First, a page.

When House Republicans passed a budget resolution in the fall of 2013 they tried to do what the Supreme Court did not a year earlier: block the Affordable Care Act before its unwelcome provisions, like the individual mandate, could be rolled out. That attempt to defund President Obama’s health care overhaul stalled when Senate Democrats called the GOP’s bluff; their insurrection fell apart after 16 days, but it left behind plenty of ugly images and odd anecdotes that have come rushing back now that the drive to dismantle “Obamacare” is ramping up again.
The road this leviathan traveled since its inception has been rocky and at times advocates and opponents have been theatrical in their efforts, like when House Republicans staged dozens of symbolic votes in a long-running attempt to delay, defund, or repeal the measure. Early on the crusade to keep Obamacare from crossing a legal Rubicon made sense given my pre-existing wariness of any big, new entitlement; I still consider any coverage mandate a violation of the Constitution’s Contract Clause that is distinct from a similar requirement to buy car insurance, but the Supreme Court disagreed.
The health care law had faults that went beyond court decisions and a sloppy rollout of the healthcare.gov website. The Affordable Care Act set a baseline of ten “essential health benefits” that range from prescription drugs and rehabilitation to maternity and pediatric services — every policy sold on the exchanges had to meet all ten. The individual mandate was included to drag a legion of new consumers into the insurance market who would pay for these “essential benefits.” That pool of younger, healthier customers did not buy in; the two years since have seen premiums increase, while enrollment has fallen short of expectations, and critics believe a conspiracy is afoot.
The reality confronting this freshly-minted GOP unity government is a bit less dramatic: the Affordable Care Act relied on a precariously balanced system of financial gears worthy of Rube Goldberg. It’s been further hobbled by a poorly designed method of collecting what has been a relatively cheap ‘tax’ and the neglect of a coveted demographic known as “young invincibles.” The problem confronting Republicans now that they are on the verge of vanquishing the Obamacare dragon is what happens on the day after. The Tea Party and talk radio-listening base will be thrilled, but if Donald Trump and Paul Ryan break the existing system the failure will be theirs.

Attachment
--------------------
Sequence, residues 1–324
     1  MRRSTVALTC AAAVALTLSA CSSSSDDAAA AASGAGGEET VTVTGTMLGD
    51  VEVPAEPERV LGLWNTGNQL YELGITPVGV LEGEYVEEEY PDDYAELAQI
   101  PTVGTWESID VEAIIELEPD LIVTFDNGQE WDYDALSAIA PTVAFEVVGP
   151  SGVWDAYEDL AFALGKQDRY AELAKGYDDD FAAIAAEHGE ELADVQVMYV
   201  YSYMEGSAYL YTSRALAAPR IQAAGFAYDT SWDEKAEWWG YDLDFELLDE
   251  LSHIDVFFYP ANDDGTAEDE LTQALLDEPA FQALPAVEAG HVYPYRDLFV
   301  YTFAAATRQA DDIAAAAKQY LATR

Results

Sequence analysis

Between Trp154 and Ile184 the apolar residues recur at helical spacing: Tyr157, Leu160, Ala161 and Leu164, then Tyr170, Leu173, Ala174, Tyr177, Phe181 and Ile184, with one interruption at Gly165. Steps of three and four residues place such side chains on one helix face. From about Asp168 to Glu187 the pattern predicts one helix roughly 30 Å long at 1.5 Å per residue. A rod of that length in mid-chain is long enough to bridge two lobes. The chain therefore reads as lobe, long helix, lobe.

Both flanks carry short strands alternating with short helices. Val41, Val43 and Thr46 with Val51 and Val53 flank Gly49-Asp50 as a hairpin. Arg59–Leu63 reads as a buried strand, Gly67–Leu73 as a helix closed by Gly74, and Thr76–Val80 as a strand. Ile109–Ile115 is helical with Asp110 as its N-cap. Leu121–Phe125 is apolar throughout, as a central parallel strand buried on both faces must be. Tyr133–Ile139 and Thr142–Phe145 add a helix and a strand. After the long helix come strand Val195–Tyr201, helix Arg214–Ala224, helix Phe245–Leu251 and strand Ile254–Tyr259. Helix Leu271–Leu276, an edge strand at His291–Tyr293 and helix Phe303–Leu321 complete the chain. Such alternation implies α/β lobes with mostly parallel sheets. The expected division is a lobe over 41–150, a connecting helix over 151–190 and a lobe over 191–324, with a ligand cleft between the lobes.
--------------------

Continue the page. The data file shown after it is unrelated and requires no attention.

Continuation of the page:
Once the 115th Congress was sworn in and confronted by that reality they turned away from a repeal-and-delay strategy GOP Senator Bob Corker described as problematic and unappealing. The Congessional Budget Office contributed to what is already a tense environment when it issued a report last week which forecast a 20% jump in premiums and 18 million new uninsured Americans by next summer. The CBO analysis is flawed in one important way — it is an incomplete update of a similar review completed in 2015 that cannot account for the unknown combination of regulatory changes, executive orders, and new legislation that will likely replace Obamacare.
A simple ceremony on inauguration day was the first sign this dam is breaking; the new president went to the White House and signed a one page order aimed at minimizing the health care law’s “unwarranted economic and regulatory burdens.” What happens next is anyone’s guess, but the future will likely hinge on Trump’s ever-changing whims. Republicans in Congress have to be torn: the one-time developer is talking up an “insurance for everybody” scheme, one that would compete against a similar effort headed by House Speaker Paul Ryan that will likely emphasize insurance access, risk pools, and tax credits over coverage. Expect a bruising battle once the GOP settles on its plan and runs into the wall Democrats are building in the Senate.
photo courtesy of cdn.bipartisanreport.com